“Few artists are so effortlessly able to twist your heartstrings into a contortion of joy, sorrow and despair like Eydís Evensen” Wonderland Magazine
As a child, Eydís Evensen would stare out at the distant mountains as the wind howled around her, pretending to conduct the clouds. In these daydreams, she was a meteorological maestro: controlling the Icelandic stormfronts in the distance, bending the weather and the world to her will like an orchestra. “The weather was intense where I grew up but so inspiring. There was such harshness to our winters, but at the same time, such beauty. I used to sit there for hours,” recalls the Blönduós-born composer. Years later, Evensen is still finding musical expressions for the awe she feels when staring out at the vastness of nature.
The Icelandic composer grew up in a town of 800 people in the rough and sparsely populated northern half of Iceland, in a music-obsessed household where Led Zeppelin and Tchaikovsky took turns on her parents’ record player. “As soon as I could stand, I was wandering over to the piano, wanting to play,” she remembers. “I started piano lessons aged six, then wrote my first piece of music aged seven, inspired by a storm outside.”
Bylur, the pianist’s mesmerising 2021 debut album, was a calming contemporary classical diary of her life to date, that takes its name from the Icelandic word for ‘snowstorm.’ She chose that title for good reason. “All of these songs are moments from my life,” she says. “So many ups and downs. All of my joy, darkness, happiness, heartbreak and melancholia.” A snowstorm contain multitudes: there’s chaos and adversity to them, but beauty and fragility too. The same could be said about this emotionally eclectic album: an enchanting float of stirring piano melodies and tender strings from a force-of-nature new talent.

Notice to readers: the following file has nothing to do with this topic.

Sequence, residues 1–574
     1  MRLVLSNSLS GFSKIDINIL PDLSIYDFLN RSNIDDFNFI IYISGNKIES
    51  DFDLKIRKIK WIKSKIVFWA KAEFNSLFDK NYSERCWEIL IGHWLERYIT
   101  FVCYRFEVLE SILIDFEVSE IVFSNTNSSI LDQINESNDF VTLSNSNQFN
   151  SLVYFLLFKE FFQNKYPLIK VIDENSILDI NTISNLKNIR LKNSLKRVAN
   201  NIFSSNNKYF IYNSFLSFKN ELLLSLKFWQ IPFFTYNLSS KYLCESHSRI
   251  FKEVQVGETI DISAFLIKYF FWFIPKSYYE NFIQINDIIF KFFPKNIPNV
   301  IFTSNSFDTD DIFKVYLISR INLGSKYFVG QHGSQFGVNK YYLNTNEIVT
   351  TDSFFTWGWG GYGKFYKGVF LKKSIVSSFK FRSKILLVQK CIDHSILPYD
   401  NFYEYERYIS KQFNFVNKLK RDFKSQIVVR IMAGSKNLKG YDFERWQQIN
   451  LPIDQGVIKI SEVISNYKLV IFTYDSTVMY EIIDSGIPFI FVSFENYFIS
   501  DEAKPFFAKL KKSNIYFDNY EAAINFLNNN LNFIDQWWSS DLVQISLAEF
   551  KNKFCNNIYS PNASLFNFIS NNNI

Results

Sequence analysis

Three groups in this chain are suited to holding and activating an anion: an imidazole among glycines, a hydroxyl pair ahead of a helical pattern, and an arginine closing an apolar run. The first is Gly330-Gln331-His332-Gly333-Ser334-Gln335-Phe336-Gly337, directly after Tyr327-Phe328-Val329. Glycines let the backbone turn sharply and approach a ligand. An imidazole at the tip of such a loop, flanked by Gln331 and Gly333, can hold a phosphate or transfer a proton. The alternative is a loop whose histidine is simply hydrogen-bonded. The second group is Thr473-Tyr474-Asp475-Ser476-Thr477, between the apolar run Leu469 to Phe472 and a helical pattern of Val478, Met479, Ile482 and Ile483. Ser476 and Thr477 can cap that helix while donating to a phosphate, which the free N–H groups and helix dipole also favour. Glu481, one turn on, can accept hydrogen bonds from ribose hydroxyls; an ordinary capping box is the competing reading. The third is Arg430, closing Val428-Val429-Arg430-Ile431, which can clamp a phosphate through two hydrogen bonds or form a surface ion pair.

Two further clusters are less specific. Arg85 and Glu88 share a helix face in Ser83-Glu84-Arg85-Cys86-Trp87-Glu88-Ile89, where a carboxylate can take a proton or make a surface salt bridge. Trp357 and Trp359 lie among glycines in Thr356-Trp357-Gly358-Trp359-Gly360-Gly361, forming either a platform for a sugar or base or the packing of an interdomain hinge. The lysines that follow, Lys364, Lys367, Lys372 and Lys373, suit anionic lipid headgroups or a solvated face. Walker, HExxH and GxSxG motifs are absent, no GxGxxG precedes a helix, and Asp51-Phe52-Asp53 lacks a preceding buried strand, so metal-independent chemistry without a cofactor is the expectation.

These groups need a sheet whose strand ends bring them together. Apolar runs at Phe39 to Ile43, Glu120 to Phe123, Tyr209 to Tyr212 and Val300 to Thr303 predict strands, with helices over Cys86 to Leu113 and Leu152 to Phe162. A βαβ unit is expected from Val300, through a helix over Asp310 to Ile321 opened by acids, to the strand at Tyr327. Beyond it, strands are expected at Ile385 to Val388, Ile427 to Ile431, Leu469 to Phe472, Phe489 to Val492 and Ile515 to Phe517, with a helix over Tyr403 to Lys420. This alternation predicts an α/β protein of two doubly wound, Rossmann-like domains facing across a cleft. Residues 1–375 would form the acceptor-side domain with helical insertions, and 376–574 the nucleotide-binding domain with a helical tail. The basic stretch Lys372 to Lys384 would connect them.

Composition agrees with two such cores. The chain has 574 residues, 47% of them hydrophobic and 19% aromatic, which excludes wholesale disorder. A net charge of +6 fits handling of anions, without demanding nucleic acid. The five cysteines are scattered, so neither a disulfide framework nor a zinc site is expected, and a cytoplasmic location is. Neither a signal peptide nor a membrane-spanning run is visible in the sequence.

The album’s release signaled Evensen’s confident arrival on the international stage and, in spite of the challenges of touring in the last two years, 2021 saw her debut in London to a sold-out Elgar Room, Royal Albert Hall, in Paris she shared the bill with Damon Albarn for the annual ARTE Concert Festival, and she performed for the first time in Berlin and Madrid.
Early 2022 saw Evensen released her follow-up EP to Bylur, Frost. A wider metaphor behind Frost, one keenly felt by Evensen; being the turmoil of the last two years. “It’s like a journey through darker moments, but seeing that there is light at the end of the tunnel,” she explains. “It’s very representative of what we’ve all gone through, and a renewed sense of hope.” No coincidence that ‘The Light I’ is the most recently composed piece then, written and recorded as positivity – and something approaching normality – slowly started to return. It is, says Evensen, the “perfect representation of hope that this year, things will be better.”
Mining deep, heartfelt emotions – whether her own, or those we collectively share – has always provided inspiration for her work, and Frost was no exception. Few combine such beauty and elegance with such universal themes, and Frost stands as the latest step in the exciting development of Eydís Evensen.
Eydís Evensen has come a long way since the days when she would stare out at the distant mountains, pretending to conduct the clouds. It’s a journey that’s just beginning.